More: https://gradhiva.revues.org/302

“Let me put our situation this way.  The two unavoidable facts of life are mortality and inequality.  We’re going to die.  And — here I’m committing a primal American heresy — we’re not created “equal” in the secular meaning of that word.  We’re obviously not equal in dozens of ways:  health, intellect, athletic ability, opportunity, education, income, social status, economic resources, wisdom, social skills character, holiness, beauty or anything else.  And we never will be.  Wise social policy can ease our material inequalities and improve the lives of the poor.  But as Tocqueville warned, the more we try to enforce a radical, unnatural, egalitarian equality, the more “totalitarian” democracy becomes.

… For all of its greatness, democratic culture proceeds from the idea that we’re born as autonomous, self-creating individuals who need to be protected from, and made equal with, each other.  It’s simply not true.  And it leads to the peculiar progressive impulse to master and realign reality to conform to human desire, whereas the Christian masters and realigns his desires to conform to and improve reality.”

- Archbishop Charles Chaput, Remembering who we are and the story we belong to

I hate how white people are always trying to compare ther experiences to those of non-white people. They’re like “oh well you know, people appropriate white culture too, what about princesses and Italian and German culture and people make costumes of that so I know how you feel” and I understand your concern there, but when you talk about this yore likely just trying to silence the Native American people who are concerned about cultural appropriation of their cultural things by telling them it happens to you too. Like why can’t we just make it not happen to anyone. And by the way it’s way different when you do it to white people because of this little thing called racism. No, it’s not okay either way. But we both know white people have never been oppressed. Therefore dressing as a German or a white person for Halloween is just a harmless joke. But dressing as a “Native American” has real consequences for Native American folk. Because they’ve been oppressed because of their Native American heritage. White people haven’t been oppressed for being white.

Same with the crowd that thinks calling a black person the n word is the same as calling a white person cracker. It’s not that same. Cracker is just a silly joke people made up a couple years ago. The n word was used to describe black people when they were kidnapped and forced into slavery, beaten, whipped, killed, tortured, raped. It was used to oppress those people. It had hundreds of years of history that make it not okay. Like do I really have to still be explaining this shit just calm the fuck down and accept that racism exists and no you don’t have it as hard as POC do. Im white, but I understand this shit or Atleast im trying my best. Just be lucky that you CAN choose to be ignorant and blind to racism because non white people aren’t so fucking lucky.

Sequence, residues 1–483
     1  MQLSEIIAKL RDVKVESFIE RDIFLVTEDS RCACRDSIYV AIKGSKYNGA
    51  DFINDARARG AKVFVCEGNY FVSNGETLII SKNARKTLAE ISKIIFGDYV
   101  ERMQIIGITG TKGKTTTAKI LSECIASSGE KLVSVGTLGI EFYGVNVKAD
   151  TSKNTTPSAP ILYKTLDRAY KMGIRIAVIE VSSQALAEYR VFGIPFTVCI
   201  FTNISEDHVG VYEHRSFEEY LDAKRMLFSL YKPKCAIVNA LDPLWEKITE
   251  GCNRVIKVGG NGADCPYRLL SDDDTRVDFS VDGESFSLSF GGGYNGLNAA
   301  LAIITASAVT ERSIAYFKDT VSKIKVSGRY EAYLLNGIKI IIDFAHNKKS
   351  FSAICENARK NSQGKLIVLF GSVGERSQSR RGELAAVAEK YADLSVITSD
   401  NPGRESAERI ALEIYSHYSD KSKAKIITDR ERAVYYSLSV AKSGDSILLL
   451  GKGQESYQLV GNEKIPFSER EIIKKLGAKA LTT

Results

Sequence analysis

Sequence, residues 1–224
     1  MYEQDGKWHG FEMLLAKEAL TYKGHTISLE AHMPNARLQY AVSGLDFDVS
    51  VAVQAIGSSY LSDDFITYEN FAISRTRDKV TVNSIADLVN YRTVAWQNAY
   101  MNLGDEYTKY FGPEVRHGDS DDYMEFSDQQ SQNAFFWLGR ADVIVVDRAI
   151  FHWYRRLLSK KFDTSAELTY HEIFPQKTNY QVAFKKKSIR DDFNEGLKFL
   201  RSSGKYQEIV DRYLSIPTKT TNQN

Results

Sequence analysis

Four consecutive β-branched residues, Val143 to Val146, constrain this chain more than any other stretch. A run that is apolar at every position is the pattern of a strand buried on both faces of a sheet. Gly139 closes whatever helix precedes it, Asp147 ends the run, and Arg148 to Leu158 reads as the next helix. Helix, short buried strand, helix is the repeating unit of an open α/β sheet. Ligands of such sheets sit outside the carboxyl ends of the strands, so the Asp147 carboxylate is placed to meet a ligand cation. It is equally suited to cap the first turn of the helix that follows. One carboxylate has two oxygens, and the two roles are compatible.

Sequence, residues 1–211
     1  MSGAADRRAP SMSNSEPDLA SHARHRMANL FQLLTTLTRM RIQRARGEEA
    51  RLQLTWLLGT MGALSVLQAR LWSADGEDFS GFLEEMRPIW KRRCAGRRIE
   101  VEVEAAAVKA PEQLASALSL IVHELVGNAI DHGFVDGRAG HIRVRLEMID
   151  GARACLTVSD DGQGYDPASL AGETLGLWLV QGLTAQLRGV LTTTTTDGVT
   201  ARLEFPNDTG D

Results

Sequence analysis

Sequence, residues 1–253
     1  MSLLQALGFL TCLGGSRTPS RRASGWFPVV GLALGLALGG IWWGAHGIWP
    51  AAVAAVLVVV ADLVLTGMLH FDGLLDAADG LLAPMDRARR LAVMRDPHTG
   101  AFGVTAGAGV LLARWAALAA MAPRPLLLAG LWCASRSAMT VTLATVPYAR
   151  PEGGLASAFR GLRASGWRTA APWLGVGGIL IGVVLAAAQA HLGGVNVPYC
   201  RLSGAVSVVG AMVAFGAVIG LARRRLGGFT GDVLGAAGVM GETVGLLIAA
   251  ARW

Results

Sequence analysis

It’s called equity. Equality is giving everyone the same thing and expecting them to be good with that. But equity accounts for the societal disadvantages that different people have based on different aspects of themselves and provides for those disadvantages. Equality is like a less informed version of equity.

Jordanians charged with killing sisters for 'honour'
Murder is punishable by death by hanging in Jordan, but courts usually commute or reduce sentences in so-called cases of "honour killings"

Two Jordanian brothers were charged with murdering their two sisters in apparent “honour killings”, a court official said Sunday.

The men, aged 22 and 24, were charged with murdering their sisters on Thursday evening in Naur, 20 kilometres (12 miles) southwest of Jordan’s capital Amman.

The official, who asked to remain anonymous, said the brothers claimed they had killed the women, aged 20 and 34, “to defend the family’s honour”.

“The two brothers were looking for their older sister, who had been away from the family home,” he said.

“They found her in the house of the younger sister, who had married without the knowledge or consent of the family.”

They shot the younger sister twice and the older one five times, including once to the head, the official said.

The younger sister’s husband, who informed the brothers where the women were, was also arrested.

“The public prosecutor charged all three of the arrested men with murder,” said the official.

Another source familiar with the investigation said the two brothers had “claimed during questioning that they had carried out the crime for honour”.

Murder is punishable by death by hanging in Jordan, but courts usually commute or reduce sentences in so-called cases of “honour killings,” particularly if the victim’s family urges leniency.

Jordan sees around 15-20 cases of so-called honour killings a year.

After Habitat III: a stronger urban future must be based on the right to the city
Innovative and agile cities are better placed to solve major global challenges than national governments – in thrall to the momentum of the last century – but the fight must start now, argues Barcelona’s first female mayor
By Ada Colau